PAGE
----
Since I came back home I’ve heard this question countless of times and each time I’m not sure if I can give the right answer. Some people ask how much I spent and that’s a much easier question as I know exactly what my bank account looks like (although sometimes I’d rather not say).
The price of holidays in Tanzania depends on:
– how long you’re going to stay there
– how many attractions you want to pack into your itinerary
– how many people you travel with
– what is the standard you expect
What were my costs?
Safari: 44,13% Accommodatoin: 14,79 (all the month excluding three nights in safari camps) Diving: 12,95% Attractions: 7,27% Food: 6,79% Transport: 4,36% Other costs: 9,7%
The lenght of stay
Usually, the longer we stay somewhere, the lower the cost (average a day), in Tanzania it is not necessarily true. Most tourists visit Tanzania for three reasons: – Zanzibar (beach or water activities) – safari – trekking to Kilimanjaro These three things are also the most expensive ones and therefore two intensive weeks where you decide on the above attraction might differ very little from a month spent on slow travel.
As you can see in the graph above a four-day safari was 44% of the total costs, two-day diving in Zanzibar almost 13% of costs. If I’d decided on Kilimanjaro trek I would have spent even more than I spent on safari, and if I had wanted to meet chimpanzees in Mahale National Park in the west of the country the cost would have been even higher (to tell you the truth, I really wanted that but it was way beyond my budget!).
As you can see in the graph above:
four days/ three night safari: 44,13% of costs
6 days in Zanzibar: 26,14% of costs (half of it spent on two-day diving)
the rest of travelling (19 days): 29,73% of costs
Attractions are really expensive – the more you want to experience, the more you need to be prepared to pay.
Well, you don’t really need to dive, go snorkelling, experience African safari; you migh skip the museum or UNESCO sights and forget about the treks – you might do all that, but let’s be honest – most people travel to Tanzania to have all those experience and if their holiday is short well, their make their experience extremally intensive, thus the high costs.
How many people you travel with
I love travelling on my own – I can do everything at my own pace and I’m never afraid or lonely. However, deciding on an African trip again I looked for the company and I needed to company really badly to be able to share the cost. Africa (in general) is much less touristy than for example South-East Asia and it is little popular with backpacker who would be willing to share the costs – all this means that finding the company might be difficult and if you can’t find a person to share a taxi or a trip with you might need to pay for everything on your own.
However, if you are not interested in the top attractions and you just want to move slowly enjoying the road, you won’t pay much and you don’t really need the company.
Expected standard of travelling
When we compare our financial possibilities with how much other people have spent we often forget that we expect (and are able to accept) different standards of accommodation, transport of holiday.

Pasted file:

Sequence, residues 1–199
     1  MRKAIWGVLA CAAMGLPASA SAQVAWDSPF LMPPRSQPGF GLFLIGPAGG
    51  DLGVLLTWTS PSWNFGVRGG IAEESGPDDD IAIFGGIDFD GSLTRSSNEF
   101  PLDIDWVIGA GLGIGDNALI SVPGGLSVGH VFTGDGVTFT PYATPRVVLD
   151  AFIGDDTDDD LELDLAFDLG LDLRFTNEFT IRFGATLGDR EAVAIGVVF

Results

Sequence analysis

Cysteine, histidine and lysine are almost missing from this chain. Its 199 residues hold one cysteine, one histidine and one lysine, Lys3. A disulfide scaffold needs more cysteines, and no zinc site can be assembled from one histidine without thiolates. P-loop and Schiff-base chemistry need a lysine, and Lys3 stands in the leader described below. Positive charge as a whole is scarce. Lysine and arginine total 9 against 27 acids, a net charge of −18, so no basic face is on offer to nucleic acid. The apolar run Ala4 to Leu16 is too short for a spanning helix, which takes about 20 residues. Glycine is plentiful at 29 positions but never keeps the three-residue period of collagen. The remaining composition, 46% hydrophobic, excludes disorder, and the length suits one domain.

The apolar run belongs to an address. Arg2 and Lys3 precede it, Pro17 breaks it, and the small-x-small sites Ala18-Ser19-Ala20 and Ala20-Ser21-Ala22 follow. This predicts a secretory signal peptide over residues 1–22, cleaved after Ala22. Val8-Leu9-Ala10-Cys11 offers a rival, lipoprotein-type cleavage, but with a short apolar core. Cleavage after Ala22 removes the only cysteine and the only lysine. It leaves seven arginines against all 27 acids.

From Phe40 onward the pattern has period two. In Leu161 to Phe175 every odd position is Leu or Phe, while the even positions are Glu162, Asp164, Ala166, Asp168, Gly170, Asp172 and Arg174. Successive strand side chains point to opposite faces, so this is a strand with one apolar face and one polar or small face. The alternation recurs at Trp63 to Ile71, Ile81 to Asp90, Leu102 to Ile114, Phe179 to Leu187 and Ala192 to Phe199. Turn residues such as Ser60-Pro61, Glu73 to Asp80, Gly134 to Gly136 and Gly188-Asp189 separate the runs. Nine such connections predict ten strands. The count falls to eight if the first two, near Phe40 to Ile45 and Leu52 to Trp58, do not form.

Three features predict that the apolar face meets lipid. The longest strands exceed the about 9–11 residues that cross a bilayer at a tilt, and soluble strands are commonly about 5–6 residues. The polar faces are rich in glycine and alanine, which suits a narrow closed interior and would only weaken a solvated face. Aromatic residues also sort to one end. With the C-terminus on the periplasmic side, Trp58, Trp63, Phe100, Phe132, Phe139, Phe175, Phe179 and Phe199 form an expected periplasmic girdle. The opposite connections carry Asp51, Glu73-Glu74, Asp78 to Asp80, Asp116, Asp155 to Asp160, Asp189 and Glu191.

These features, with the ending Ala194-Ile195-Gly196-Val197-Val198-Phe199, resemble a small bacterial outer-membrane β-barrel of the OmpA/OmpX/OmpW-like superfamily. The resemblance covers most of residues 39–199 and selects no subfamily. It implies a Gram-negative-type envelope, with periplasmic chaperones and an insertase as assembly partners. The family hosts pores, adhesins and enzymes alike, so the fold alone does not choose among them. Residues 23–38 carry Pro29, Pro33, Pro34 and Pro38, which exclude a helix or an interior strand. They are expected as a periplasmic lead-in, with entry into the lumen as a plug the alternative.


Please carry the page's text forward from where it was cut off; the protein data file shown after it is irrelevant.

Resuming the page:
When I look for accommodation what’s important it is clean bed and a bathroom – I don’t need any luxuries. If you want to ALL of my accommodation in Tanzania (with prices and pictures) go to following post. If I compare myself to other travel bloggers I see that some of them spend on a week long accommodation what I spent in the whole month explaining that it is the only safe way, others are on such a tight budget that what I like and want might seem unnecessary luxury for them – it is all the matter of expectations, needs and financial possibilities.
Instead of taking a ferry to Zanzibar or making a ten hours’ trip to Arusha you can quickly get to both places by plane – simply expect to pay more. The question is always: what do you want to save on? Time or money?
Is food expensive? Well, are you a foodie or you don’t care what you eat as long as your stomach is full?
I ate dinner at a local market stall for less than a dollar, in a cheap eatery for about 3 dollars or in a beach restaurant for 12 dollars (that lobster was definitely worth the price!). Is $12 a lot if you can eat for $3? It definitely is. But then, is $12 a lot for a lobster? It’s probably just a fraction of what you would pay at home.
The best food I ate in Tanzania? Grilled octopus bought at many street stalls (200 Tanzania shillings a piece, each piece was around 1,5cm long). When travelling along the coast usually my perfect dinner consists of a fresh fish, chips and a bottle of beer (I can eat that every day and I don’t get bored) which cost around 5-7 dollars.
You might avoid local markets and stalls and then you’ll find it extremally difficult to save money.
You might love rice (which I hate) and then your life will be easier than mine because rice with something is a really popular and cheap dish.
I don’t know how expensive your holidays in Tanzania are going to be, I don’t know what you want to save on, and what to splurge on.
When I prepared myself for this trip I first calculated the safari, then I added the expected cost of diving. Then I thought carefully how much money I have and how much I can spend on average each day – I assumed that I would spend double in Zanzibar comparing to the land.
I was pretty correct in my assumptions. If I’d had less money I would have slept in cheaper hotels with shared bathrooms and I’d have eaten cheaper food. If I’d had more money I’d have gone on a longer safari, I’d have dived for more days and I’d have gone to Mahale to see the chimpanzees.
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